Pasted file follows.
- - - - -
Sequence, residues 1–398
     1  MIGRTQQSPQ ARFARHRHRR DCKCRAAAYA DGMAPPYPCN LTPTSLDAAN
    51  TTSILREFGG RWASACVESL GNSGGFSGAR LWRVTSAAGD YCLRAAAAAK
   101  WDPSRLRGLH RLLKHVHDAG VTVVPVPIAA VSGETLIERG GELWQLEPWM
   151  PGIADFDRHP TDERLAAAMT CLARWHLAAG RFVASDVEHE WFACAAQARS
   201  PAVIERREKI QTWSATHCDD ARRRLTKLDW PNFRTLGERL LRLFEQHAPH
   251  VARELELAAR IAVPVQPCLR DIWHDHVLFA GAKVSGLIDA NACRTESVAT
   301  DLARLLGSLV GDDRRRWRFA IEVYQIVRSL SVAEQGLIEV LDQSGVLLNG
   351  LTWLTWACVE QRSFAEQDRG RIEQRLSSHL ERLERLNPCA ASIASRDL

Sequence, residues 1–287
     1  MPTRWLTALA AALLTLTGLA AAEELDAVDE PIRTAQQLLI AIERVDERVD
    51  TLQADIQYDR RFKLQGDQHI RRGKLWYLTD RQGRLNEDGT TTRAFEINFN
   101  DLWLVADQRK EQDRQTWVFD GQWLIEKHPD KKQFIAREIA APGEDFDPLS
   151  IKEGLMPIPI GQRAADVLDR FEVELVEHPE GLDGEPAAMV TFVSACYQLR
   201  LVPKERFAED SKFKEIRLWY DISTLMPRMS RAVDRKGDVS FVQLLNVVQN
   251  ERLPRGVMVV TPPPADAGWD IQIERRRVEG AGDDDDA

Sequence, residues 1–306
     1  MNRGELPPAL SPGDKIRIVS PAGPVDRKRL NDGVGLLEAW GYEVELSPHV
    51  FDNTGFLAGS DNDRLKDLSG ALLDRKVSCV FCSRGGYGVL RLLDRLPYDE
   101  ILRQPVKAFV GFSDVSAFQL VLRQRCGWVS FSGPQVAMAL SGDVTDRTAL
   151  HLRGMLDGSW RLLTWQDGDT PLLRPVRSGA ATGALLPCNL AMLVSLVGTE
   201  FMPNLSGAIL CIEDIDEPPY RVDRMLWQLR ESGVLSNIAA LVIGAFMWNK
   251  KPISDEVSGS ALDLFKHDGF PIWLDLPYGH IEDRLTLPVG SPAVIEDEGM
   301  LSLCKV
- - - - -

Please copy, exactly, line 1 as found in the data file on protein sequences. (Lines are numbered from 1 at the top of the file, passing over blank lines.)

Sequence, residues 1–398